Designers are conventionally understood as supporters of business. They produce the brands, logos and outward-facing ‘look and feel’ of a company. They create products for manufacturer and product packaging. And they create the apps and environments that allow people to interact with the virtual world. Designers promote themselves as being good for the bottom line and for business. This kind of rhetoric has been repeated for years, while all the warning signs of environmental and societal malaise have been ignored.
Some companies are trying to do the right thing, and some designers are attempting to take a different path – but they are few and far between and the overall juggernaut of production, waste and pollution continues unabated. Over the past thirty years many alternative approaches have been proposed, including the Triple Bottom Line of Sustainable Development; Life Cycle Analysis; Cradle to Cradle Design; Product-Service Systems; The Natural Step; The UN Sustainable Development Goals; The Paris Agreement; and the Circular Economy. Yet, emissions continue to grow and habitats and species continue to disappear. At the same time, in the economically developed countries happiness is on the decline and there are alarming rates of anxiety and depression, especially among young people.
It is becoming very clear that we’ve been looking for happiness in all the wrong places.
For too long, we’ve been looking ‘out there’, trying to attain happiness by acquisition. And only when a problem, such as climate change, becomes apparent, we investigate the evidence, measure the changes, and then try to react – but by that time it’s too late, the damage has been done, and the practices and conventions that led to the problem are already embedded and difficult to alter.
An entirely different approach is needed if we are to get to the heart of the problem. We have to start looking ‘in here’. We have to recognize that this is where the problem lies – in us – in our values, beliefs and aspirations. We need to take a good hard look at who we are, where we’ve come to, how we’ve taken such a path, and what we have become. And we need to give serious thought to what is required for deep and lasting positive change – as individuals, as communities, and as a society. Fundamentally, this is a question of spirituality, and how the spiritual sensibility can inform and affect our behaviours towards others and the world.
The term ‘spirituality’ refers to that intuitively apprehended ‘inner’ sensibility that seeks meaning in life and asks the bigger questions about ultimate purpose and why. Like the creative process, and therefore like design, finding answers to these kinds of questions is neither linear nor logical – they lie beyond words and simplistic forms of explanation. Instead, we have to draw on non-intellectual modes of knowing – traditionally, these employ the language of metaphor, analogy and symbolism. And like design, they are spurred by sudden insights, ideas and unexpected connections.
Spiritual teachings have been part of all human cultures for thousands of years. It is a heritage found in texts such as the Bhagavad Gita in India, the Tao Te Ching and the Analects of Confucius in China, the texts of Abrahamic religions stemming out of the Middle East, the philosophies of Socrates, Plato and Aristotle in Europe, and the oral traditions of indigenous peoples all over the world. While these teachings differ enormously in terms of language and practice, one thing common to them all is care and concern for others – and by extension the world itself – love of neighbour, the so-called Golden Rule. In practice this means compassion, humility and moderation of wants, to enable others to have sufficient for their needs. For designers, these teachings point to a form of practice that supports:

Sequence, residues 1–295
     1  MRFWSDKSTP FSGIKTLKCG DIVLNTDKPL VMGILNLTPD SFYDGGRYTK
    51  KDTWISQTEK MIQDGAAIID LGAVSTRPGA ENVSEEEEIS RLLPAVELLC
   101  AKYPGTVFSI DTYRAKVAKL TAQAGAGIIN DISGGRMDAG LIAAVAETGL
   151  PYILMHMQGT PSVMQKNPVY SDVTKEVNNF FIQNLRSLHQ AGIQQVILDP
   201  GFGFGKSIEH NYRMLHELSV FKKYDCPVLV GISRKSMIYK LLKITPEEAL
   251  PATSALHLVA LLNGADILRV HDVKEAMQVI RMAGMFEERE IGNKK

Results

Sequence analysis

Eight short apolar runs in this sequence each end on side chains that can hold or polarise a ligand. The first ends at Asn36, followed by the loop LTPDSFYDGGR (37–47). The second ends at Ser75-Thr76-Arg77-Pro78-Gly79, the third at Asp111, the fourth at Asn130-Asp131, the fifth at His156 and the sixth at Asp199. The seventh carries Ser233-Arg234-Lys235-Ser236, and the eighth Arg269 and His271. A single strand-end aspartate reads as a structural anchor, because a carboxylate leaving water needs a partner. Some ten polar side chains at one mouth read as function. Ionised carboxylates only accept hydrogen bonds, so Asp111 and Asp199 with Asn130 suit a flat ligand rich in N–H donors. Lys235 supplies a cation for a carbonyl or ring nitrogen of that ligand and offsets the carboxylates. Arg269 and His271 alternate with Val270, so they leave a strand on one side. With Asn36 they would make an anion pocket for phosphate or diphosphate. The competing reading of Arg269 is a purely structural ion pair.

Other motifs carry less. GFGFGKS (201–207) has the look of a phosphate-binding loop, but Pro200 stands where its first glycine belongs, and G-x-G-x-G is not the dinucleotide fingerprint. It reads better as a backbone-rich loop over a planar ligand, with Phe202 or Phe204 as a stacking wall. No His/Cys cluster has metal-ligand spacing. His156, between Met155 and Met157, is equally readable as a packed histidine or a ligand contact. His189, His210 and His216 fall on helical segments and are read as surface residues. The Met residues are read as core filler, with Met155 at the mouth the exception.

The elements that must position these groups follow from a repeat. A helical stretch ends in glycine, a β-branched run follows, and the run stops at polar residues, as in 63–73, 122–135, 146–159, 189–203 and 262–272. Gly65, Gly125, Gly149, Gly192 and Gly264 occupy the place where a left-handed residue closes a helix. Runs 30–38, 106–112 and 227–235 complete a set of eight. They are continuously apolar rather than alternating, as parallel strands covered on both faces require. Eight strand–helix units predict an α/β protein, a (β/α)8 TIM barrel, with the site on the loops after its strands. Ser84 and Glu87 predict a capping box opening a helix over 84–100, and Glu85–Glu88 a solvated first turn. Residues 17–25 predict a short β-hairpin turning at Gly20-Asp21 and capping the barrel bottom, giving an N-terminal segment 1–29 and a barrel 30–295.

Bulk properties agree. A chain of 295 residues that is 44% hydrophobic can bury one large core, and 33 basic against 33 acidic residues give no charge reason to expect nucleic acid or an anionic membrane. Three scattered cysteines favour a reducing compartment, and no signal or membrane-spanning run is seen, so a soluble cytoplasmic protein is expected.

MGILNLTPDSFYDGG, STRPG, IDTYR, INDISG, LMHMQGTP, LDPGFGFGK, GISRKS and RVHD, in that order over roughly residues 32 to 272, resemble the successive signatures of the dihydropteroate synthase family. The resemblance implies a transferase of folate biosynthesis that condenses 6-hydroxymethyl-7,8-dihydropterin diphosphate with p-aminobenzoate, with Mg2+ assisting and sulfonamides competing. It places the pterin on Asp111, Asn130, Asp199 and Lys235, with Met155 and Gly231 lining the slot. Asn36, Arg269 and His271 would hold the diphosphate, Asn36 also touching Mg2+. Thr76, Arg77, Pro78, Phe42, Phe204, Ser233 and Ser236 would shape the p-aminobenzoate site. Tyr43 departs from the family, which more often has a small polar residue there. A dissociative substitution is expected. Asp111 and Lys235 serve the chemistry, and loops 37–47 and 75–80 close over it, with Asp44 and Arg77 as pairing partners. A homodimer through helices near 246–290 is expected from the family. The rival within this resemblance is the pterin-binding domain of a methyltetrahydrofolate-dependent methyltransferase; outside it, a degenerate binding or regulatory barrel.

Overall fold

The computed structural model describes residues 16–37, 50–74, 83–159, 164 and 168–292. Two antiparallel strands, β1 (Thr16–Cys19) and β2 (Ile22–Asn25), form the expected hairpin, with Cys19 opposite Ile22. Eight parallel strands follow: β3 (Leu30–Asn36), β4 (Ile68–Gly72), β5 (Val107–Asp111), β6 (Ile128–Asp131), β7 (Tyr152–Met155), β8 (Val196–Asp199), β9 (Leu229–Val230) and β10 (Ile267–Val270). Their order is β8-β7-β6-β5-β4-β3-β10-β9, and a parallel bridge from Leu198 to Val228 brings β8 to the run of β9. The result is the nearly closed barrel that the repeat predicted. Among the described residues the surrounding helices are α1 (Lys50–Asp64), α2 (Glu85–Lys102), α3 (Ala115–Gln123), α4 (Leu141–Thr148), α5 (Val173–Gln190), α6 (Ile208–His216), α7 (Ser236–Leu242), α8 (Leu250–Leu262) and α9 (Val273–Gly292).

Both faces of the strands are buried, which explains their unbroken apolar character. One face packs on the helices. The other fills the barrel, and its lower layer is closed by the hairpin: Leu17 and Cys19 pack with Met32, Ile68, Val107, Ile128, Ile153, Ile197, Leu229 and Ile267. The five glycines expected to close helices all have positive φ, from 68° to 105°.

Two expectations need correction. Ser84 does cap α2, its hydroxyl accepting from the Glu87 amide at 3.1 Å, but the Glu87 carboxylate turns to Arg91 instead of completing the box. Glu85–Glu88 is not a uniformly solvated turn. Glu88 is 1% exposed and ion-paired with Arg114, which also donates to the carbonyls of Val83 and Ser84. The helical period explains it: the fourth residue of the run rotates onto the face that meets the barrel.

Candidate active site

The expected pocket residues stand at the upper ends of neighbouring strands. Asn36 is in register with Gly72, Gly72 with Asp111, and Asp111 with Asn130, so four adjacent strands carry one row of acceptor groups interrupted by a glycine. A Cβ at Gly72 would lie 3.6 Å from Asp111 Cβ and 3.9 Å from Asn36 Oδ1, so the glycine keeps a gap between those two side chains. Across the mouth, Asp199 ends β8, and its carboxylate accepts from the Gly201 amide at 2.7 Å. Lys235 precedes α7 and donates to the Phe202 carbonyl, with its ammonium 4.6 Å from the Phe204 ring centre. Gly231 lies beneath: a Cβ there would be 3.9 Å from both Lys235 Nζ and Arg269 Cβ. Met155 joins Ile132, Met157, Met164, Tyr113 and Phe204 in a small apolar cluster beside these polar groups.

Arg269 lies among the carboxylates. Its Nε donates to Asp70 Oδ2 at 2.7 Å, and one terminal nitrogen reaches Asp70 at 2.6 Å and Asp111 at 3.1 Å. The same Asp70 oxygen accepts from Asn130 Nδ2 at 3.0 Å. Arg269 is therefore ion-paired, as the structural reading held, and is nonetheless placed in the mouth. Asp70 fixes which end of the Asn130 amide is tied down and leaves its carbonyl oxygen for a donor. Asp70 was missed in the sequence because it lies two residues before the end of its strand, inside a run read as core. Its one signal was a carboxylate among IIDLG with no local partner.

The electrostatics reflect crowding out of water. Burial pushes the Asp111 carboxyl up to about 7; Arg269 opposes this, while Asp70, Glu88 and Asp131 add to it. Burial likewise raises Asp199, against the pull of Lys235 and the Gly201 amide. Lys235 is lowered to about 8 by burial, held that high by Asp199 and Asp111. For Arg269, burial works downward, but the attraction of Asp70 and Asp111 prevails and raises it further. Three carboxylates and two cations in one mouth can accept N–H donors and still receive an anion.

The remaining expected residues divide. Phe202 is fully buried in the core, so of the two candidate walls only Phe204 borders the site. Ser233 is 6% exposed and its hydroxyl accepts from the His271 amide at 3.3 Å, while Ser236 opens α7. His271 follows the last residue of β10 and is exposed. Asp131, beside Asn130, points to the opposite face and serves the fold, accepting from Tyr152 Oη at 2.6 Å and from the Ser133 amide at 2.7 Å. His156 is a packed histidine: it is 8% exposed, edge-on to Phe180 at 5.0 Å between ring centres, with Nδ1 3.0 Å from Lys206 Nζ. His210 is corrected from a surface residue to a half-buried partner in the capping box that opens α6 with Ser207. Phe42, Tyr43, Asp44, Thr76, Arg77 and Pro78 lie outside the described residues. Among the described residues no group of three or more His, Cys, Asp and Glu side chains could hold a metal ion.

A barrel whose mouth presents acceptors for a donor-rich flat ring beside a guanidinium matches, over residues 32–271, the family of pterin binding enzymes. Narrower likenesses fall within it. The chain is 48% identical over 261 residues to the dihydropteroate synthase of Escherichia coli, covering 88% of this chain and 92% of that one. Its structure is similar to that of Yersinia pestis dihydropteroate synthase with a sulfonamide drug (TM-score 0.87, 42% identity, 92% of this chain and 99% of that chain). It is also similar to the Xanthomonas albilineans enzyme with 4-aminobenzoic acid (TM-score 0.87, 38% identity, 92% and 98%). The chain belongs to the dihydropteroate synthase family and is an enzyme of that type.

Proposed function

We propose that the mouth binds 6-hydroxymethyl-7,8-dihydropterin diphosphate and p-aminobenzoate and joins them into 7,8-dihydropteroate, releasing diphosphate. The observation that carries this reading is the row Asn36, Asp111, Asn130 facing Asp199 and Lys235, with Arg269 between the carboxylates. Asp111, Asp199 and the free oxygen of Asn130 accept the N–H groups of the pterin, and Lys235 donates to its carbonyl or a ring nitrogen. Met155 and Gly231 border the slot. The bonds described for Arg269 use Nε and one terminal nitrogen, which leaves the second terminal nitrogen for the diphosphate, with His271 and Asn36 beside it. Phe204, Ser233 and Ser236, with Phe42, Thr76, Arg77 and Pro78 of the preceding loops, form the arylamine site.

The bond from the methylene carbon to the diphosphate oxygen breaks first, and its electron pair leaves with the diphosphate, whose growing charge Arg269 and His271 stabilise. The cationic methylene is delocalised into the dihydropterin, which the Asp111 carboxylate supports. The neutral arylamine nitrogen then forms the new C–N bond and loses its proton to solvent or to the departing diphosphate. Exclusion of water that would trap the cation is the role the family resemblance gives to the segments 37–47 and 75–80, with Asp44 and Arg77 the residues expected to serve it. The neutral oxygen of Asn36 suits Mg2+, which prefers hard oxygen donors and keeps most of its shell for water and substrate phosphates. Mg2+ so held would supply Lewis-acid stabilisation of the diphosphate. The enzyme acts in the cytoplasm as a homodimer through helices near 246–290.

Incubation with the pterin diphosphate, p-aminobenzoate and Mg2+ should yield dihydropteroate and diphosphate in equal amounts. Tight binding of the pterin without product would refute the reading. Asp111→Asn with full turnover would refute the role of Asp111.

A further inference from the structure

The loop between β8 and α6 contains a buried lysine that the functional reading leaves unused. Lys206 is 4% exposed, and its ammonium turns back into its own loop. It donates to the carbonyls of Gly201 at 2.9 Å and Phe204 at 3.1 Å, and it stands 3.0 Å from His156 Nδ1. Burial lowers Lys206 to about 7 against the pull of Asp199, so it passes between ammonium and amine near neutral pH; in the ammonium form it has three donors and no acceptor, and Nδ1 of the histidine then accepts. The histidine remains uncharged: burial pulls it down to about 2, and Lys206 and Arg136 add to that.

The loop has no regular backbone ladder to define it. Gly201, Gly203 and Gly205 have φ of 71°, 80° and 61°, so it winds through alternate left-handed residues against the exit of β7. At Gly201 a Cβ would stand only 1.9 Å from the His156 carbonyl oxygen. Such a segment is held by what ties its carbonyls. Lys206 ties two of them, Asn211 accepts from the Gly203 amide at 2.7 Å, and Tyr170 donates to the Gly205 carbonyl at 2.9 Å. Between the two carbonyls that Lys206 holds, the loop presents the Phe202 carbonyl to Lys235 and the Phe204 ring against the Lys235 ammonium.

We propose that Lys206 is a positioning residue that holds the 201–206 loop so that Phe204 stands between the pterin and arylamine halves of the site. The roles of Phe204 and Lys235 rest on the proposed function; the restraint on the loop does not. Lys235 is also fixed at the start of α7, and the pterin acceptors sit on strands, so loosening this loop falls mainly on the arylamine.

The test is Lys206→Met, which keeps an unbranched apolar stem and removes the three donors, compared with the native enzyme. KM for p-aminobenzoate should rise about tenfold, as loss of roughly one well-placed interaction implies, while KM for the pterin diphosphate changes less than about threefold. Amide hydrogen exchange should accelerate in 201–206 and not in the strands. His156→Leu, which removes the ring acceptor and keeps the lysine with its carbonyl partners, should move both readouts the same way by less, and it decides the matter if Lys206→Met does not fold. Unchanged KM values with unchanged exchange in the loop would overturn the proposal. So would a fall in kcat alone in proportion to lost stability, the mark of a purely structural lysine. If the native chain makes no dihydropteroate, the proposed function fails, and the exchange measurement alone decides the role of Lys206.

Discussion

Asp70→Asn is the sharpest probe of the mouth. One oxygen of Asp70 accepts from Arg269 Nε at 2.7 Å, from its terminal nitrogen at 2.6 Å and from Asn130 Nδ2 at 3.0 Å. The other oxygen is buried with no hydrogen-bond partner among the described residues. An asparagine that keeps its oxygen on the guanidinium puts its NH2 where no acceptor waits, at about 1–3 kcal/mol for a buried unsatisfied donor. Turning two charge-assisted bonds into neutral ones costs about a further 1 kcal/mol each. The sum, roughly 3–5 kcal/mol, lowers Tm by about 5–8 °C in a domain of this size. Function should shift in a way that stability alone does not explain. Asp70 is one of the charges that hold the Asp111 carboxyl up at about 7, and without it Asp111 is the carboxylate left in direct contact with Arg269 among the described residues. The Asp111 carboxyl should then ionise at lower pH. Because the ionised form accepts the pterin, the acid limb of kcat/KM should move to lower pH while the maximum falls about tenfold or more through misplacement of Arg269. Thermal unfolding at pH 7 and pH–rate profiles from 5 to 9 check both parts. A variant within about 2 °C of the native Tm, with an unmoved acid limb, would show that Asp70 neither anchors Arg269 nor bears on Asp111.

- sufficiency – self-discipline and the avoidance of excess;
- localization – supporting local businesses and using local resources, thereby reducing transportation, packaging, waste and pollution;
- context-appropriate products and services that build a sense of cultural identity while also providing good work;
- the creation of long-lasting products that can be locally maintained and repaired;
- reimagining town centres so they provide for community practices and social and cultural activities that focus on creative, productive, healthy lifestyles rather than primarily supporting consumption;
- cooperative and employee-owned businesses that contribute to the common good, facilitate economic justice, and take environmental responsibilities seriously;
- creative services that enable local governments to envision and implement inspiring, participatory, co-produced solutions.
The current COVID-19 crisis has heightened our awareness of the roles that matter in society and who makes a real difference to the quality of people’s lives. Very often these are the people who work long hours for little financial reward and who sometimes have to hold down more than one job to make ends meet. They include healthcare workers, hospital cleaners, supermarket employees, delivery drivers, foodbank volunteers, and refuse collectors. Hundreds of thousands of others have lost their jobs entirely.
The fallout from this crisis will inevitably include even greater socio-economic inequities, devastated highstreets, and severe hardship for many people in our own society and around the world. Drawing on our spiritual selves, and informed by long-enduring teachings that show us what is important and how we should live, we have the opportunity to use our creative and design abilities thoughtfully, compassionately and wisely – to create a new, more desirable, fairer and sustainable future for everyone.
Stuart Walker is Professor of Design for Sustainability at Lancaster University. His latest book, Design & Sustainability: a philosophy of material cultures is published by Routledge (2021). stuartwalker.org.uk